Parlour Q+A: Busy Signal, Leader of the Pack

The first time I heard Busy Signal‘s “Tic Toc” set to a mash-up of deep house and hipster hop with a tinge of old school Miami freestyle beats (courtesy of producer Sean “SSMG”Scott), I lost my shit. Busy’s throaty vocals commanding me to “wine up, show me what you have in you” and the signature “Hey-hey!” over a dancehall beat alongside a high-pitched woman chanting “tic tic tic tic toc, toc toc toc toc tic” had me jumping up and down in my living room. I thought, ‘If this is where dancehall is going, I’m quitting my job, packing up my belongings and going along for the ride.’

I chatted with Busy for Parlour about dancehall’s new era and why his music is so fresh, peep what the young MC had to say about the state of Jamaica and why he can’t leave the ladies alone.

Dancehall is not unique in creating a cauldron of varied sounds. The term ‘anything goes’ reigns supreme these days across musical genres. However, the music’s advantage has always been the ability to play the field while still maintaining the key elements of di dance, allowing it to evolve without the need to re-establish itself. But if ever we could spot a new age of dancehall, the time would be now. The beats and vocals are faster, the lyrics are much darker, often depicting the kind of strife we would rather associate with New York City’s youth than Kingston’s, and the sex addled calls and gun talk of mega stars like Beenie Man and Bounty Killer have been replaced by Munga’s thug love and Mavado’s gangster ballads.

Every movement seeks a leader, and it seems with Busy Signal’s sophomore album Loaded, released September 23 on VP records and chock full of fresh beats and lyrical inventiveness (see “Knocking at Your Door,” “These are the Days” and “Hustle Hard”), the people have chosen wisely.

Parlour: Congratulations on your MOBO (Music Of Black Origin) award nomination for best new reggae artist. Why do you think your receiving recognition now?
Busy Signal: This album is more mature [than Step Out]. It shows growth and I always try to do better.

This album has so many different sounds, what was your thought process?
It’s got something you can always nod your head to, that’s why we call it Loaded. I’m not one of the artists that like to keep repeating myself. I want to say something that I’ve never said before, that no one’s ever said before.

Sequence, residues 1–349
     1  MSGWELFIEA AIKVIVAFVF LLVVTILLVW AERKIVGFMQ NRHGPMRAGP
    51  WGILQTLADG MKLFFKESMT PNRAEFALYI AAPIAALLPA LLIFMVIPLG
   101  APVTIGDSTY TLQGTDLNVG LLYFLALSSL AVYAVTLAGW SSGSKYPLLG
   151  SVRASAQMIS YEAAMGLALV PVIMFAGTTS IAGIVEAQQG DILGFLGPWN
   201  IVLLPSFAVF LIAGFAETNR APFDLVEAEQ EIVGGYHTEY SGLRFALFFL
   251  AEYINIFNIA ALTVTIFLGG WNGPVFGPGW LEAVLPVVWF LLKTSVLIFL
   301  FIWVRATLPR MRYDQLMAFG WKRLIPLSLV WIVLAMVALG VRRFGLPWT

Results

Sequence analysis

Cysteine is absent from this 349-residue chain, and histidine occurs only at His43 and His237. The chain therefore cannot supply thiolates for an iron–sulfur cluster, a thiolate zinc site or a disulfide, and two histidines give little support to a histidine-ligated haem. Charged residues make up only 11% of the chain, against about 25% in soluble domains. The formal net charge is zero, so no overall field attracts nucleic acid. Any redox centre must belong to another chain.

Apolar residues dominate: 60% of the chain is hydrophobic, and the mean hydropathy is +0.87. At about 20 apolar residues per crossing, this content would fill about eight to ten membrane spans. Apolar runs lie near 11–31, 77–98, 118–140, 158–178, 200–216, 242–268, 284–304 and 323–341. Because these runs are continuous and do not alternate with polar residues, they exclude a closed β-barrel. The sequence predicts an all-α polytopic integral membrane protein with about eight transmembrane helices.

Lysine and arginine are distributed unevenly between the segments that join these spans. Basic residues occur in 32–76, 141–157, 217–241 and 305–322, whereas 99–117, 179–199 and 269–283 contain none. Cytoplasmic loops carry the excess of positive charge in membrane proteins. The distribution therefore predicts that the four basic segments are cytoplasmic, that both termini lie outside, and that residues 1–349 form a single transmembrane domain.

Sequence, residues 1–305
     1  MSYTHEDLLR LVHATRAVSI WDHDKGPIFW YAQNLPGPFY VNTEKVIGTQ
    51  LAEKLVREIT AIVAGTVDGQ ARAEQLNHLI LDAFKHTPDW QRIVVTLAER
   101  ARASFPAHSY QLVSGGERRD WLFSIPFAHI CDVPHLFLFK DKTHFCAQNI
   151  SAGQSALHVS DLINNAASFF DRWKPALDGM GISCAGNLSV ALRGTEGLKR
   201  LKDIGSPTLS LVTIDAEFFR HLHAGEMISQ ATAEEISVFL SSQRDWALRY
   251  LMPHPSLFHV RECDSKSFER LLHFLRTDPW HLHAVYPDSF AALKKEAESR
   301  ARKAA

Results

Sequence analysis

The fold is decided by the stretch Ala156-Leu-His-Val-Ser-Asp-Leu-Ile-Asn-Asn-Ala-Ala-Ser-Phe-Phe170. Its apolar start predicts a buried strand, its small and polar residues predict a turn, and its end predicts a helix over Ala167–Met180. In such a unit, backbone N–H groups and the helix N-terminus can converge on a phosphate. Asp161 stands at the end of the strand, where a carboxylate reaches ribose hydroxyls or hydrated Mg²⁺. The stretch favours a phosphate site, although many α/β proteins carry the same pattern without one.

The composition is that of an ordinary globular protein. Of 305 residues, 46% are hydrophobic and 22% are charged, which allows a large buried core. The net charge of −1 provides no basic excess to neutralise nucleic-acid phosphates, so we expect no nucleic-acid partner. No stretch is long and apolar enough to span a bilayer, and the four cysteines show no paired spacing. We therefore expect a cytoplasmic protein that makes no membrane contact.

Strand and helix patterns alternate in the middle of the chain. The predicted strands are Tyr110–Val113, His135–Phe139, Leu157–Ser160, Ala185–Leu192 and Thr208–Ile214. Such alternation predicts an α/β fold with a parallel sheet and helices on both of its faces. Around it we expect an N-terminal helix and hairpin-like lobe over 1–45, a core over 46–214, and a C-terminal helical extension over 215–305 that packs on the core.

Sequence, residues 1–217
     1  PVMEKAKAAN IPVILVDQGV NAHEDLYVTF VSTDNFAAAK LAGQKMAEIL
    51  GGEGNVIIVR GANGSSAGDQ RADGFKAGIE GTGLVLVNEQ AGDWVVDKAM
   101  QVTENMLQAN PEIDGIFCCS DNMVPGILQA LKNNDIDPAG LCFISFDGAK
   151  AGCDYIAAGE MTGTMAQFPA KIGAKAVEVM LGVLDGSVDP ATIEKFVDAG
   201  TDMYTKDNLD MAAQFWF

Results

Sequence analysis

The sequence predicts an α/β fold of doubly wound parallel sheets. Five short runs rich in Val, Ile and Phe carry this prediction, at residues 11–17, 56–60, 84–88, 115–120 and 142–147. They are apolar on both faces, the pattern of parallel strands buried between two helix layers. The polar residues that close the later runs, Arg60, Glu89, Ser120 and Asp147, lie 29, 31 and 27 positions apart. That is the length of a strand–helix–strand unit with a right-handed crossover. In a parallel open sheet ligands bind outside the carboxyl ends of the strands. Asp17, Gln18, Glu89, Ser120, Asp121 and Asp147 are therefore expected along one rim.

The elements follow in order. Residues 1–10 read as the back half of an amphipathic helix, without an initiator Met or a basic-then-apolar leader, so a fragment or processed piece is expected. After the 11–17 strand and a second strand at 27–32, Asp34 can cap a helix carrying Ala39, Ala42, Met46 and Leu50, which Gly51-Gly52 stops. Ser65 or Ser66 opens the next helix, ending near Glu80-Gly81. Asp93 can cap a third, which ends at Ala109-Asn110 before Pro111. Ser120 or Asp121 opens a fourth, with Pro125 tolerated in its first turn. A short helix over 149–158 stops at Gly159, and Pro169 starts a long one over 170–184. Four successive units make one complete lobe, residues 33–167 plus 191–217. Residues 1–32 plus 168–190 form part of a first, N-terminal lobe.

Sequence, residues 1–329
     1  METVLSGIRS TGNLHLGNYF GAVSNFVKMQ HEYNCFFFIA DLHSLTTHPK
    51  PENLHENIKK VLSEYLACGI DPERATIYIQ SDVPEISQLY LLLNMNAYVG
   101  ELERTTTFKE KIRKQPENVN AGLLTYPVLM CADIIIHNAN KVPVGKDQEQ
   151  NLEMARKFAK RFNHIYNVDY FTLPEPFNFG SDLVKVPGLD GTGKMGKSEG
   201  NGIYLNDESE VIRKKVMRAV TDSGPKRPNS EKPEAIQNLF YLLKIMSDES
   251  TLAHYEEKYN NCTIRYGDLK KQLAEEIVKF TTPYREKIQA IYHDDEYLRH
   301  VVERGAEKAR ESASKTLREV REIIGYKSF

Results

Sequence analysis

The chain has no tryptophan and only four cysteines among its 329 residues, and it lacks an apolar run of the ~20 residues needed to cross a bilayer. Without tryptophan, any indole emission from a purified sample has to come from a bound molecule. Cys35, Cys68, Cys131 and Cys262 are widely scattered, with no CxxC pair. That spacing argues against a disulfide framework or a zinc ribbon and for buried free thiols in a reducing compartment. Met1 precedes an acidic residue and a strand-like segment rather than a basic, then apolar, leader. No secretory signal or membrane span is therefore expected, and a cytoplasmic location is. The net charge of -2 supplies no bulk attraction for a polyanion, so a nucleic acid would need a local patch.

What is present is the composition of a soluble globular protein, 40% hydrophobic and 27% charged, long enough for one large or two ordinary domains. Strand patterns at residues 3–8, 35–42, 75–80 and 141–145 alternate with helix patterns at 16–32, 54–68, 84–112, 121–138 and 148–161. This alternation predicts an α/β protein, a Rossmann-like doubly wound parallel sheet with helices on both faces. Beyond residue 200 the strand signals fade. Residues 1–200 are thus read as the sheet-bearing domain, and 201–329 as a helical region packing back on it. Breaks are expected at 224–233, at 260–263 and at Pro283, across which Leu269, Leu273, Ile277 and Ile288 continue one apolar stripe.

What song on Loaded do you feel closest to?
Probably “These Are The Days” because it [depicts] what’s happening now in the world, and also what’s happening before me and what’s going to happen after me. I try to keep [the songs] real deep, but simple enough that people could relate to them.

The dancehall music coming out of Jamaica is so different from when we were kids, why?
We’re talking about something new and the older artists are not. They’ve been out there for awhile and of course we’re still watching them. But we represent the new era and the young people that’s listening have a right to choose. We just deliver the music.

The beats are different now too with the influx of really young producers.¦
They speed it up a lot, but they keep it so that it has that classic feel.

What’s do you see as the current state in Jamaica?
In Jamaica, a lot of youths can’t get no jobs and that there breed violence. The people that got jobs, even they still crying and can’t really save and constantly got to be stretching.

What do you think of the recent re-election of Portia Simpson-Miller to leader of the opposition (PNP)?
People really happy for her. We need the change. Jamaica needs better schools and jobs and things like that but most of all we need the right leaders to put those things into play.

Listening to Loaded, there are a lot of songs about getting down with the ladies. Let’s talk about that.
I can’t leave the ladies out because they always keep thing live you know. Whenever I walk out at the shows, they show so much love, I have to make song weh dem can have pon dem ring tone; weh dem can wine to. I just love ladies. I like dem dancin’, I like dem winin’, I like listening to them talk, listening to them curse.

Can we get a special shout out to the ladies around the world that read Parlour?
Big up to all the girls around the world. Busy love unnuh. Busy love the whole a dem. Stay focused because woman got power. I’ll never leave them out.


Make sure you read the rest of Parlour’s exclusive interviews: Common, Usher, Solange and Estelle.


Check out the video for “Tic Toc”


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